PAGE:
Vic's Formula

For the NAACP's Vic Bulluck, advocacy means building bridges

It's a cold, quiet January day. Thick clouds are hanging low over the Los Angeles skyline, and beneath a steady drizzle of rain, the city is still and gray. But inside the NAACP's Hollywood Bureau, perched in a high-rise overlooking Wilshire Boulevard, it's bright, warm and bustling with activity. The organization's 40th annual Image Awards ceremony is fast approaching, the NAACP itself is celebrating its centennial, and Vicangelo Bulluck, the bureau's executive director and the show's executive producer, is being pulled in every direction.

One moment he's wanted on the phone -- first it's Alicia Keys' record label, then Whoopi Goldberg's publicist. The next moment he's pulled into a huddle with colleagues as they pair honorees with presenters. Then he's deliberating about the show's musical numbers and historical footage. He's constantly being passed messages scribbled on Post-it Notes. And he's forever thinking about the nonprofit's budget.

"I'm always asking, 'How do we pay for this and make it work?' " he says, flashing a grin beneath his neat mustache.

Despite the chaos, Bulluck exudes an air of positivity, a crucial trait for someone whose mission -- advocating for the involvement and representation of minorities in entertainment -- depends heavily on the ability to build bridges with industry figures and institutions.

The role seems a natural fit for Bulluck. Clearly a people person, he has the gift of gab, but he also knows how to listen. And he's void of pretense, at ease in sneakers and a collared shirt with the sleeves rolled up, sitting on an old worn sofa in his office, surrounded by file boxes, stacks of paper and piles of DVDs and dusty VHS tapes.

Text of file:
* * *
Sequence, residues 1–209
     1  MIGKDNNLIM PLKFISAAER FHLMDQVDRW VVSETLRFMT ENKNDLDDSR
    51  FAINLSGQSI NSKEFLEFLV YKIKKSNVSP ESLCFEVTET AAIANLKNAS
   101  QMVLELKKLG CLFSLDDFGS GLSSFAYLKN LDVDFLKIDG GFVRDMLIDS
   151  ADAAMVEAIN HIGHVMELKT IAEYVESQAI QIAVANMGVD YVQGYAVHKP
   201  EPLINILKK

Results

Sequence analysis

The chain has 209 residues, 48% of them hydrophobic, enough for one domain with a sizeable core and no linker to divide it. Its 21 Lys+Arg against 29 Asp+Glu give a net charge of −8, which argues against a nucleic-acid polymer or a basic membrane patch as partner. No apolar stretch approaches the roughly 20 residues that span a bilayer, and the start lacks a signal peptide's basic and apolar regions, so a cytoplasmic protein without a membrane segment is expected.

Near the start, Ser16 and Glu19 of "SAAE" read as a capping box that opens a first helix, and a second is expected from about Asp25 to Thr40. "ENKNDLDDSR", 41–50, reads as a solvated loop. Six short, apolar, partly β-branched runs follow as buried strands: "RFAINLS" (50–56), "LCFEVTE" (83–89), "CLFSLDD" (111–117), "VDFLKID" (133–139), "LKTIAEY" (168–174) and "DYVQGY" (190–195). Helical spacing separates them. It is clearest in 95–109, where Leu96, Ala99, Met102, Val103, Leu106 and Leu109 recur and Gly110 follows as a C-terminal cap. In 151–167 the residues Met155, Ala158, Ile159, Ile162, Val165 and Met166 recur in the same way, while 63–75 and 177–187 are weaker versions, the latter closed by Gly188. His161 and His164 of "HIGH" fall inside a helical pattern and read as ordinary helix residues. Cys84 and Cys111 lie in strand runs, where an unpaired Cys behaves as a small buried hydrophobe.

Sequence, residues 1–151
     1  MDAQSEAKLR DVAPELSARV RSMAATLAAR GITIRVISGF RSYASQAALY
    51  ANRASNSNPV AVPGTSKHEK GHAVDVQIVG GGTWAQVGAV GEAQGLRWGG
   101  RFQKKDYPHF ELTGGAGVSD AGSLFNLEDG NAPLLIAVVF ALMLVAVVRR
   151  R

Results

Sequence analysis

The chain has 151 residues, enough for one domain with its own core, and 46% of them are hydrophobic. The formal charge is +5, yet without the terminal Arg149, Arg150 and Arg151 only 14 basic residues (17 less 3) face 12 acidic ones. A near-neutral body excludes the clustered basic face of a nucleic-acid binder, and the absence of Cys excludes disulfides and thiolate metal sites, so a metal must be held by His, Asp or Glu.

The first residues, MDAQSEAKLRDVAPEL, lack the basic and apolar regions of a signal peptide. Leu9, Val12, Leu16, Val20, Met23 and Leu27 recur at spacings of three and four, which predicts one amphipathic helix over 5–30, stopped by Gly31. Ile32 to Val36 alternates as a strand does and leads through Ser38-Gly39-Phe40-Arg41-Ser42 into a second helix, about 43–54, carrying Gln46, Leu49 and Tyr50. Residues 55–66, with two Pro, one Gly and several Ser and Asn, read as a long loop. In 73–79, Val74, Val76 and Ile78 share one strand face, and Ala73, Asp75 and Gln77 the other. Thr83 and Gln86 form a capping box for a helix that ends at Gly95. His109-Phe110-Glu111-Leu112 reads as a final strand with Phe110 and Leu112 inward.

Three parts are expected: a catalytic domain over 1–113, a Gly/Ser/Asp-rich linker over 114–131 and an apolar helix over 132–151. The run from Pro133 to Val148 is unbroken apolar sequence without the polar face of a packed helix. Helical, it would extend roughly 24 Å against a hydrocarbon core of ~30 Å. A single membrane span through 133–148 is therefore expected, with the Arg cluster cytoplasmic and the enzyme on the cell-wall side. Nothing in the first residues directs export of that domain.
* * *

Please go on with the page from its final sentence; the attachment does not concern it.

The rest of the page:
Bulluck has been working in entertainment since he was an interdisciplinary major at USC, studying cinema, journalism, philosophy and theater -- "I was actually paid to write my first screenplay before I left college," he says -- and his involvement with the NAACP came just as quickly. What began with a stint as a production assistant on the Image Awards evolved into a career: Bulluck has been producing the show since 1986, and six years ago, he became what he calls a "small footnote in civil rights history" when he opened the Hollywood Bureau and became its first executive director.

Day to day, Bulluck says, his work is largely about "building the relationships, building awareness of the issue, building sensitivity to the issue, increasing the understanding that diversity and multiculturalism are good for business. ... But it's an interesting time in that there really has been a lot of progress."

That progress is not always reflected in the numbers, he notes, "because you can do the numbers, and you can do the ensemble casts, and you can have the African-American, the Asian-American, the Hispanic-American within that ensemble -- but if the white leads are still the stars, the ones who get the promos on-air, the magazine covers, it sends a subliminal message. I don't know if that's intended, but it sends a message of a second-class citizenship for the other groups."

Still, Bulluck is gratified by the industry's efforts to better the situation, citing recent commitments on the part of ABC, NBC and Warner Bros. Studios to foster more diversity in their pipelines.

And in the bigger picture, with the U.S. electing its first black president, hope is in the air.

Like President Barack Obama, Bulluck is biracial. His mother is French -- he was born in Chateauroux, France -- and his father, a Baltimore native, is black.

"It was very interesting when I heard Obama describe himself as a mutt," he says, "because that's what I always called myself when I was growing up, an American mutt."



Because his father was in the Air Force when Bulluck was growing up, his family moved all over the U.S. and eventually to England. Bulluck attended high school in East Anglia, where he lived in a dormitory and spent his spare time hanging out at Cambridge and sneaking into London to go to the theater. During summer, he would get a Eurail pass and travel around the continent.

That diverse background and his many years in Hollywood -- also an independent producer, Bulluck has worked on a number of film and TV projects, from the courtroom reality show "Judge Mathis" to "Alex Haley: An American Griot," and he has had his own company, Vicangelo Films, for 20 years -- have given him a life of varied experience and a practical view of the entertainment industry that has proved invaluable.